Friday, February 29, 2008

Happy Leap Day

I couldn't let the first Leap Day of my blogging career pass unremarked. A year is approximately 365¼ days long, so about every 4th year, an extra day is added to the calendar. But that number is actually closer to 365.242374 days than 365.25. For that reason, century years are not leap years unless they are divisible by 400; thus, 2000 was a leap year, but 1900 was not and 2100 will not be. That modification — the difference between the Gregorian and Julian calendars — results in an average year of 365.2425 days. At that rate, the calendar will be off by a full day in a bit less than 8,000 years, except of course that the astronomical year is gradually getting a little bit longer, just as the day is gradually getting longer.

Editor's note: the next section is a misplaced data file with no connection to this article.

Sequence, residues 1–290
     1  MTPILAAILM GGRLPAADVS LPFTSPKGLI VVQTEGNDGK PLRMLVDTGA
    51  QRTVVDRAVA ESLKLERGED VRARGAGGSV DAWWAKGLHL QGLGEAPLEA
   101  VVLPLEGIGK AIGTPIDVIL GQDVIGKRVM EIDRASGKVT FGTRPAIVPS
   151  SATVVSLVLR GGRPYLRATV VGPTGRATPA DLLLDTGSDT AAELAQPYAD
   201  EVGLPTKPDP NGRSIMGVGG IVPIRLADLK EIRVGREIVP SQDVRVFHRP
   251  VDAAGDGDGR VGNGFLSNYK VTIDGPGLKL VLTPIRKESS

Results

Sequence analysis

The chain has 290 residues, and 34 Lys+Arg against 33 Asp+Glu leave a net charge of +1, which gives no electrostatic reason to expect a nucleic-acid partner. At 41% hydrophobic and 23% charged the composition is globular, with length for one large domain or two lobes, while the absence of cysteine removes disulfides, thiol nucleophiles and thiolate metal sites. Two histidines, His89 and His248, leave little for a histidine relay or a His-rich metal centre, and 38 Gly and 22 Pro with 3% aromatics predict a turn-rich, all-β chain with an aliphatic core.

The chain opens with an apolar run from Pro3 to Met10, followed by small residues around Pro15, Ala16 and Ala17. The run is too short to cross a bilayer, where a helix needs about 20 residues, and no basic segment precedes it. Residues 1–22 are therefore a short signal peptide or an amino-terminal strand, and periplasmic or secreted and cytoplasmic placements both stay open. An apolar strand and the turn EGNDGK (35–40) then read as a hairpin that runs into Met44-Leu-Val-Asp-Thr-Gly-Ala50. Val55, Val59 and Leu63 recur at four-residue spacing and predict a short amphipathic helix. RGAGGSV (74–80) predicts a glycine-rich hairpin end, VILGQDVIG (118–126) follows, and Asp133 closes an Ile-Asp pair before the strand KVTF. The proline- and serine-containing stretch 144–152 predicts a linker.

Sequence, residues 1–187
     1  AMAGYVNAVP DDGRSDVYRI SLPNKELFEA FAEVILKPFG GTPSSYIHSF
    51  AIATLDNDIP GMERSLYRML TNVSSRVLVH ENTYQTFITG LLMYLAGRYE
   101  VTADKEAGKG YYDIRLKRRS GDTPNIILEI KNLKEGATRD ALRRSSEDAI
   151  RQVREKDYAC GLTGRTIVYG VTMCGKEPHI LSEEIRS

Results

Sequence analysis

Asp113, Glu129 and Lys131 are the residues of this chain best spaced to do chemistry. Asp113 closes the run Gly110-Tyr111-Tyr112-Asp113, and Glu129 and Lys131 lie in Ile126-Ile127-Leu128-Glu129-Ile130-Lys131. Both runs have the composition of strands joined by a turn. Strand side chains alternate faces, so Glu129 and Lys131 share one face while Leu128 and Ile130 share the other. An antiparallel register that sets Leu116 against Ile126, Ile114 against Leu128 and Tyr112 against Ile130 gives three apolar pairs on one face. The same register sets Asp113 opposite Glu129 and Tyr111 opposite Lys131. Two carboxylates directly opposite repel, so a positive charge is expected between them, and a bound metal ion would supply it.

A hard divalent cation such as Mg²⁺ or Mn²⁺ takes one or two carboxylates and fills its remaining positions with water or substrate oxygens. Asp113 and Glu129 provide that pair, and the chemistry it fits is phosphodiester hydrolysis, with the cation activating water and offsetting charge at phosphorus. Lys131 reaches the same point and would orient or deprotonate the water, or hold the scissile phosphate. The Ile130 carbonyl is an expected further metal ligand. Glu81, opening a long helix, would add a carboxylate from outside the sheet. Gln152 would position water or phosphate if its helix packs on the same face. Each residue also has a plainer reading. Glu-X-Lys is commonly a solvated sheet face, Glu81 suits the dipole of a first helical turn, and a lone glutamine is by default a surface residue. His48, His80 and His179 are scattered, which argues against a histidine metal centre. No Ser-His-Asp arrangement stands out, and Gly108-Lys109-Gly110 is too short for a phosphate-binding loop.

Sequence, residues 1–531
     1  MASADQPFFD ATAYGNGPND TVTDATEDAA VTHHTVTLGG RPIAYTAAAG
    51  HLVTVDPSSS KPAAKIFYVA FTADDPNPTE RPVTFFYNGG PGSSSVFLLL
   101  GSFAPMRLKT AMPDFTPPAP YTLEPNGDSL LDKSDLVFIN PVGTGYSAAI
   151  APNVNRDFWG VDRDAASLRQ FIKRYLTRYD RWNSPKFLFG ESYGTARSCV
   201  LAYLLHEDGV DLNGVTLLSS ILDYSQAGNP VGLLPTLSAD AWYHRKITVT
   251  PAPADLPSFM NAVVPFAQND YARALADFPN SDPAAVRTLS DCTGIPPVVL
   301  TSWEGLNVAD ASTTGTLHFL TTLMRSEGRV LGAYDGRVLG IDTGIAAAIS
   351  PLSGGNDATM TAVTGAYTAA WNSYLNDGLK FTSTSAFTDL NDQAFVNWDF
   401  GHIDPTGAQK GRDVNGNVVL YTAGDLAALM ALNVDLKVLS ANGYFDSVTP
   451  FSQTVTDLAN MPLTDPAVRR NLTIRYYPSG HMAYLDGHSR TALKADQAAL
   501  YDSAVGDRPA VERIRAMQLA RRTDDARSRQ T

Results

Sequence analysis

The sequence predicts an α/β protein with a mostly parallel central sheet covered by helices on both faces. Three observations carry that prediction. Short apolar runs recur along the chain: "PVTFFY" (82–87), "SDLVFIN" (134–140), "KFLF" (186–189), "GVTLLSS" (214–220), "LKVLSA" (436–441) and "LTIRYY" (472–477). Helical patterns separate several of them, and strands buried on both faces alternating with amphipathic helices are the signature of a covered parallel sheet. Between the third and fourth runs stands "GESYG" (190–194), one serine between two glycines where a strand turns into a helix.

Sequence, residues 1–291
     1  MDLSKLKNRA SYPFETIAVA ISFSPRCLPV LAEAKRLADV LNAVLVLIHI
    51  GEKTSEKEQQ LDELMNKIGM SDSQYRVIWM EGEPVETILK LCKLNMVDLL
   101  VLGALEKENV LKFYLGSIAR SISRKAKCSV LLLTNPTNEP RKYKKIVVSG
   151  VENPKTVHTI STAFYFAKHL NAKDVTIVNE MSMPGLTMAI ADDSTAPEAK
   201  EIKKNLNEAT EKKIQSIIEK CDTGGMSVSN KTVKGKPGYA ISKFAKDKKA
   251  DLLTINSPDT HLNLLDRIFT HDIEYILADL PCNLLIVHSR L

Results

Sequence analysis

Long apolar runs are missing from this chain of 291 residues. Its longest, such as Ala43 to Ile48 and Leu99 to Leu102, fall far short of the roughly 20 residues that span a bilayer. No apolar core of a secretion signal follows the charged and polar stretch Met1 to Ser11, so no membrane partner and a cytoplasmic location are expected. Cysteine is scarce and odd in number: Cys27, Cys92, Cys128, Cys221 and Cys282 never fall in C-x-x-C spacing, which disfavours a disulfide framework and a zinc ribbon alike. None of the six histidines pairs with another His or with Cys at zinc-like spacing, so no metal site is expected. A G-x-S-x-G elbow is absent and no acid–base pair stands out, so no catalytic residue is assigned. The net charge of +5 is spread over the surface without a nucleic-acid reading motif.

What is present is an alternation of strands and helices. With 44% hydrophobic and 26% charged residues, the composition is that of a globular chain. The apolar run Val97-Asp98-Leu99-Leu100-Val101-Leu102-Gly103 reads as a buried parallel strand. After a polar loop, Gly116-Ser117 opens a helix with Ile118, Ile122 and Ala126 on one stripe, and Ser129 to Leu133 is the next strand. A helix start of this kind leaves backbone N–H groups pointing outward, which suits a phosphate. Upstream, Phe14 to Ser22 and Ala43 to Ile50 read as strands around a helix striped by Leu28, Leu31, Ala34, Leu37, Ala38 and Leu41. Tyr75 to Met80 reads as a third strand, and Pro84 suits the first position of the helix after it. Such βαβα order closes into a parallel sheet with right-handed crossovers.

The day is slowly lengthening, caused primarily by friction as the moon's gravity pulls on the earth's oceans, causing tides but also slightly slowing the earth's rotation. For that reason, it is occasionally necessary to add a "leap second." On those occasions, determined by detailed and precise measurements of the earth's rotation, the normal sequence is modified slightly. Ordinarily, 23:59:59 is followed one second later by 00:00:00 of the following day; when a leap second is added, 23:59:59 is followed by 23:59:60 and then 00:00:00. The last leap second was added at the end of 2005; it will probably be at least a couple of years until the next one, so you won't be able to use leap second as an excuse for being late to work.

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